WHITE: A House Built By Slaves (2022)

A House Built By Slaves: African American Visitors to the Lincoln White House by Jonathan W. White. Rowman & Littlefield, 2022. Cloth, ISBN: 978-1538161807. $26.00.

For many years, historians have debated the answer to the question, “who freed the slaves?” One camp, headed by James M. McPherson, argued for the centrality of President Abraham Lincoln in the process of slavery’s abolition; another, led by Ira Berlin, insisted that the actions of enslaved peoples and their abolitionist allies forced Lincoln to act. In A House Built By Slaves, historian Jonathan W. White deftly shows that both Berlin and McPherson were correct in their assertions. By examining the day-to-day life of Lincoln’s White House, White offers a narrative of Black Americans pushing the president toward emancipation and Lincoln listening to their arguments as he steered the ship of state through the turmoil of the Civil War. This is a book that underscores the degree to which ensuring freedom for nearly four million people held in bondage was not the work of one faction or one man, but the work of many hands.

A House Built By Slaves is organized chronologically, tracking the familiar contours of Lincoln’s thinking about slavery and emancipation over the course of the war. Beginning with Lincoln’s life prior to the presidency, the book proceeds through the war’s first two years—when Lincoln still believed in the potential for voluntary colonization—to the emancipation proclamation and the enlistment of Black men in the Union armies. White has a strong command of both the scholarship and critical turning points of the conflict, giving attention to topics such as the common soldier, the potential for foreign mediation in the war, and voting throughout the text. By inserting interludes to propel his narrative forward, White simultaneously reminds readers of important political and military context without weighing down his text with cumbersome detail. It is the work of a scholar in command of his subject and his craft—rendering the book instantly accessible to a wide audience, but also informative to readers possessing a range of expertise about the war.

Perhaps the book’s most crucial element is the degree to which White centers and contextualizes African American voices during the war. Though attention is given to Lincoln and the evolution of his political thoughts, White also gives voice to the words and thoughts of men such as William J. Walker, AME Bishop Daniel Payne, and Frederick Douglass, as well as women like Elizabeth Keckley, who worked for the Lincoln family and observed the president up-close throughout the war. Their stories, and countless others, White suggests, form the warp and weft of our cultural understanding of the Civil War. Because of the richness of these stories, the book will be particularly enriching in classrooms at all levels.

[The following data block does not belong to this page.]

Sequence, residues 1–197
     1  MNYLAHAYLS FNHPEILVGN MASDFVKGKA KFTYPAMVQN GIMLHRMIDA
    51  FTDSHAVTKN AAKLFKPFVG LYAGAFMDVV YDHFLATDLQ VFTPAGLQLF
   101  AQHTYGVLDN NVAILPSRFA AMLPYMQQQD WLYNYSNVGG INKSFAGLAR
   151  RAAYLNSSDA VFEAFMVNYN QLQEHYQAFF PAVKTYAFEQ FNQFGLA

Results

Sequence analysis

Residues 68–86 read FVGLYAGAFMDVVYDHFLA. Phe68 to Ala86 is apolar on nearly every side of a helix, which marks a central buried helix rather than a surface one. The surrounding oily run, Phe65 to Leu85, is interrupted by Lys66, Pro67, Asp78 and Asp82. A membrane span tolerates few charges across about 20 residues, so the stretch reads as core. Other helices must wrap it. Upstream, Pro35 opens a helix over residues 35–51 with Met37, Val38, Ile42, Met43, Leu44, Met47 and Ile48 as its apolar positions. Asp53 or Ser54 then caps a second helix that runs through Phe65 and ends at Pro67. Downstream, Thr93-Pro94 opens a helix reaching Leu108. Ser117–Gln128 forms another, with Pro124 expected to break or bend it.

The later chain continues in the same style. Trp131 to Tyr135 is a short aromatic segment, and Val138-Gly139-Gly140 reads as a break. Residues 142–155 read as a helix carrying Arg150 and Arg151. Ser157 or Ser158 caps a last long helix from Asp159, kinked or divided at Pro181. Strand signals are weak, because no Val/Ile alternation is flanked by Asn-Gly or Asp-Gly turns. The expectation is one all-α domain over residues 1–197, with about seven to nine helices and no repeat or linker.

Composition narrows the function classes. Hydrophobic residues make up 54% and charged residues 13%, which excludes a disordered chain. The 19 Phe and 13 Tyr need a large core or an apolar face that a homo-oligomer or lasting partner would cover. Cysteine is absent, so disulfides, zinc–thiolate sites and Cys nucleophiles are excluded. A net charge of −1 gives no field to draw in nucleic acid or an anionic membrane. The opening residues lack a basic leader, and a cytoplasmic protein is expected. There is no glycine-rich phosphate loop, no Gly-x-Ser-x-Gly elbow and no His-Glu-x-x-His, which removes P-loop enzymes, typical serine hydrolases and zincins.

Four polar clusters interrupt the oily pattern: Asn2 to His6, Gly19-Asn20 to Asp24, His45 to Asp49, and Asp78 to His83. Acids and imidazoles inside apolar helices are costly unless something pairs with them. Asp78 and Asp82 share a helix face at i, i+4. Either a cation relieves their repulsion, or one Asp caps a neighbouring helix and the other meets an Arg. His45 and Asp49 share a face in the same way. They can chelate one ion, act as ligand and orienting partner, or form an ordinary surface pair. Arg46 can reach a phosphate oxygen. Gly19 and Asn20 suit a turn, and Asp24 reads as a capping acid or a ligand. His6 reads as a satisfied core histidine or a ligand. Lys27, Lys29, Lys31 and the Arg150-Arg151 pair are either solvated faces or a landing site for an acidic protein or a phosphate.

Lincoln received his African American visitors in the same fashion as his white constituents. While White discusses an infamous meeting in which Lincoln lectured several Black visitors about colonization, he proves that this incident was the exception in the Lincoln White House and not the rule. As White rightly points out, Lincoln would have subjected himself to far less criticism if he had barred African American visitors, but the president did not let political opinions or social conventions dissuade him from hosting citizens both Black and white on his public meeting days.

Readers should not approach this book expecting significant criticism of Lincoln. In fact, White defends Lincoln against critics that have emerged in recent months and years. White appreciates and contextualizes the desire of these activists and celebrities who wish to decenter the sixteenth president from the national narrative surrounding emancipation, but argues that engaging with a fuller understanding of Lincoln’s treatment of Black citizens might cut across some of the more extreme criticisms that have been levied at the sixteenth president. Though this adds a discordant note of presentism to the work, White engages with the current political discourse in a manner that is understanding and respectful; for most readers, it will reinforce the originality and importance of the stories presented in A House Built By Slaves.

In sum, this is a work that will long deserve a place on the bookshelves of Civil War historians and enthusiasts. To find something new to say about Abraham Lincoln is certainly an achievement; to tell the stories of countless others while doing so cements White’s work as some of the best in the field today.


Dr. Cecily N. Zander is a Postdoctoral Fellow at The Center for Presidential History at Southern Methodist University.


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